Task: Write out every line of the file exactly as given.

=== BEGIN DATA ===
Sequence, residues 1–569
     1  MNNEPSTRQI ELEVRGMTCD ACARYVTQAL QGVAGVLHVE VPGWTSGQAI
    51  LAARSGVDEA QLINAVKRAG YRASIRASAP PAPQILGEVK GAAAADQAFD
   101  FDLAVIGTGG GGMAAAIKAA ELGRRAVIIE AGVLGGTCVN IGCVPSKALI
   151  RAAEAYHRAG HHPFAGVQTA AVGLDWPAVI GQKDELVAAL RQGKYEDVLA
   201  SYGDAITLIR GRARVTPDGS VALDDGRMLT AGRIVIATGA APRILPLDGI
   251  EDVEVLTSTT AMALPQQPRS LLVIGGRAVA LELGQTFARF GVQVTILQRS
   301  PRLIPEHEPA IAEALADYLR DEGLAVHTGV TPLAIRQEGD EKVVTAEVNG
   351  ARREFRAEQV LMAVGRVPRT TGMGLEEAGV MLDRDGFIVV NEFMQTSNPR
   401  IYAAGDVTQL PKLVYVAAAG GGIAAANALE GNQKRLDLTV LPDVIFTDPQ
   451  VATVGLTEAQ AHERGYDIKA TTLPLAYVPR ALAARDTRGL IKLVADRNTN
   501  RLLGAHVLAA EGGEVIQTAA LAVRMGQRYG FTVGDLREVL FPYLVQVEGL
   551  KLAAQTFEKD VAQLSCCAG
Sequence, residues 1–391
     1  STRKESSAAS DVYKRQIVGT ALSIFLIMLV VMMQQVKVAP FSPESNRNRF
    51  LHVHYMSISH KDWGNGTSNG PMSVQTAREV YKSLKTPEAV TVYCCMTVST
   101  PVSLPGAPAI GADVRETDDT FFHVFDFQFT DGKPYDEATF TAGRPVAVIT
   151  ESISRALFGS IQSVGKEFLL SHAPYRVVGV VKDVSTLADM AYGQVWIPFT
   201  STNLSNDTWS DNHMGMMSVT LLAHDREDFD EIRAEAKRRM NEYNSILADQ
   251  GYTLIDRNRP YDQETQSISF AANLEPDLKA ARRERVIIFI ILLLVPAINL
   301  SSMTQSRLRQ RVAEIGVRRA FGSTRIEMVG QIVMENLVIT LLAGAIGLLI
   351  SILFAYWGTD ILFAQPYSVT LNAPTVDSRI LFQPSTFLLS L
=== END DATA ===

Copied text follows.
Sequence, residues 1–569
     1  MNNEPSTRQI ELEVRGMTCD ACARYVTQAL QGVAGVLHVE VPGWTSGQAI
    51  LAARSGVDEA QLINAVKRAG YRASIRASAP PAPQILGEVK GAAAADQAFD
   101  FDLAVIGTGG GGMAAAIKAA ELGRRAVIIE AGVLGGTCVN IGCVPSKALI
   151  RAAEAYHRAG HHPFAGVQTA AVGLDWPAVI GQKDELVAAL RQGKYEDVLA
   201  SYGDAITLIR GRARVTPDGS VALDDGRMLT AGRIVIATGA APRILPLDGI
   251  EDVEVLTSTT AMALPQQPRS LLVIGGRAVA LELGQTFARF GVQVTILQRS
   301  PRLIPEHEPA IAEALADYLR DEGLAVHTGV TPLAIRQEGD EKVVTAEVNG
   351  ARREFRAEQV LMAVGRVPRT TGMGLEEAGV MLDRDGFIVV NEFMQTSNPR
   401  IYAAGDVTQL PKLVYVAAAG GGIAAANALE GNQKRLDLTV LPDVIFTDPQ
   451  VATVGLTEAQ AHERGYDIKA TTLPLAYVPR ALAARDTRGL IKLVADRNTN
   501  RLLGAHVLAA EGGEVIQTAA LAVRMGQRYG FTVGDLREVL FPYLVQVEGL
   551  KLAAQTFEKD VAQLSCCAG
Sequence, residues 1–391
     1  STRKESSAAS DVYKRQIVGT ALSIFLIMLV VMMQQVKVAP FSPESNRNRF
    51  LHVHYMSISH KDWGNGTSNG PMSVQTAREV YKSLKTPEAV TVYCCMTVST
   101  PVSLPGAPAI GADVRETDDT FFHVFDFQFT DGKPYDEATF TAGRPVAVIT
   151  ESISRALFGS IQSVGKEFLL SHAPYRVVGV VKDVSTLADM AYGQVWIPFT
   201  STNLSNDTWS DNHMGMMSVT LLAHDREDFD EIRAEAKRRM NEYNSILADQ
   251  GYTLIDRNRP YDQETQSISF AANLEPDLKA ARRERVIIFI ILLLVPAINL
   301  SSMTQSRLRQ RVAEIGVRRA FGSTRIEMVG QIVMENLVIT LLAGAIGLLI
   351  SILFAYWGTD ILFAQPYSVT LNAPTVDSRI LFQPSTFLLS L